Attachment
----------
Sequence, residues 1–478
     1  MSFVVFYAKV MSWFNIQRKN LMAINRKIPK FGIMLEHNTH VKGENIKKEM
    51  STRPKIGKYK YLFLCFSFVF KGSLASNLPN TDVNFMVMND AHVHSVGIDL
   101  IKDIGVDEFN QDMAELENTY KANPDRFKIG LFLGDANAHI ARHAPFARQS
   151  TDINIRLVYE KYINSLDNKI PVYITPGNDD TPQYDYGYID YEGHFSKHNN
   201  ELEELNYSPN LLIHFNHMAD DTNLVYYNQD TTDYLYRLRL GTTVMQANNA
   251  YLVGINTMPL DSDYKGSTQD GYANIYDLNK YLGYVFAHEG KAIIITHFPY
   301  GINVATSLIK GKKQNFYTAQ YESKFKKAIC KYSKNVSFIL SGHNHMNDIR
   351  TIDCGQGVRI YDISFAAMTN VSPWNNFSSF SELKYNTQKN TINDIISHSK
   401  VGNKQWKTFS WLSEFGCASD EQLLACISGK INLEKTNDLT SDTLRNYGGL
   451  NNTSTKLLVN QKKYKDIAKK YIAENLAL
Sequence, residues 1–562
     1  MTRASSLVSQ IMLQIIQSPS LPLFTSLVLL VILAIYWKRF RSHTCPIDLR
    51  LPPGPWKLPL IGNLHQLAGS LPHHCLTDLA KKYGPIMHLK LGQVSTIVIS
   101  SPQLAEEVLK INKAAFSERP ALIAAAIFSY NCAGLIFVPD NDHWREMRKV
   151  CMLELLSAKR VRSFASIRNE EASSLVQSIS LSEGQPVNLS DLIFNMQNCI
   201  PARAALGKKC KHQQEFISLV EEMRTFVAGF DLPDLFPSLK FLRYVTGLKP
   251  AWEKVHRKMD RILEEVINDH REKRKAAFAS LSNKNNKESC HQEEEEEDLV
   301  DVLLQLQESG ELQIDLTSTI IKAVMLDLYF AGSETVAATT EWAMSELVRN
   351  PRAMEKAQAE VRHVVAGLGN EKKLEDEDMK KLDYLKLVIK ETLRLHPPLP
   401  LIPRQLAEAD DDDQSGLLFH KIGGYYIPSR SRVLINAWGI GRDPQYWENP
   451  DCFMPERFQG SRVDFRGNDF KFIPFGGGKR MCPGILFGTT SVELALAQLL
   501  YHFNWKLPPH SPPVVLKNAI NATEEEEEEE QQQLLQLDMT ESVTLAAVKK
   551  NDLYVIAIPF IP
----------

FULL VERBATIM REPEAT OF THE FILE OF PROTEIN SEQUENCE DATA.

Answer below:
Sequence, residues 1–478
     1  MSFVVFYAKV MSWFNIQRKN LMAINRKIPK FGIMLEHNTH VKGENIKKEM
    51  STRPKIGKYK YLFLCFSFVF KGSLASNLPN TDVNFMVMND AHVHSVGIDL
   101  IKDIGVDEFN QDMAELENTY KANPDRFKIG LFLGDANAHI ARHAPFARQS
   151  TDINIRLVYE KYINSLDNKI PVYITPGNDD TPQYDYGYID YEGHFSKHNN
   201  ELEELNYSPN LLIHFNHMAD DTNLVYYNQD TTDYLYRLRL GTTVMQANNA
   251  YLVGINTMPL DSDYKGSTQD GYANIYDLNK YLGYVFAHEG KAIIITHFPY
   301  GINVATSLIK GKKQNFYTAQ YESKFKKAIC KYSKNVSFIL SGHNHMNDIR
   351  TIDCGQGVRI YDISFAAMTN VSPWNNFSSF SELKYNTQKN TINDIISHSK
   401  VGNKQWKTFS WLSEFGCASD EQLLACISGK INLEKTNDLT SDTLRNYGGL
   451  NNTSTKLLVN QKKYKDIAKK YIAENLAL
Sequence, residues 1–562
     1  MTRASSLVSQ IMLQIIQSPS LPLFTSLVLL VILAIYWKRF RSHTCPIDLR
    51  LPPGPWKLPL IGNLHQLAGS LPHHCLTDLA KKYGPIMHLK LGQVSTIVIS
   101  SPQLAEEVLK INKAAFSERP ALIAAAIFSY NCAGLIFVPD NDHWREMRKV
   151  CMLELLSAKR VRSFASIRNE EASSLVQSIS LSEGQPVNLS DLIFNMQNCI
   201  PARAALGKKC KHQQEFISLV EEMRTFVAGF DLPDLFPSLK FLRYVTGLKP
   251  AWEKVHRKMD RILEEVINDH REKRKAAFAS LSNKNNKESC HQEEEEEDLV
   301  DVLLQLQESG ELQIDLTSTI IKAVMLDLYF AGSETVAATT EWAMSELVRN
   351  PRAMEKAQAE VRHVVAGLGN EKKLEDEDMK KLDYLKLVIK ETLRLHPPLP
   401  LIPRQLAEAD DDDQSGLLFH KIGGYYIPSR SRVLINAWGI GRDPQYWENP
   451  DCFMPERFQG SRVDFRGNDF KFIPFGGGKR MCPGILFGTT SVELALAQLL
   501  YHFNWKLPPH SPPVVLKNAI NATEEEEEEE QQQLLQLDMT ESVTLAAVKK
   551  NDLYVIAIPF IP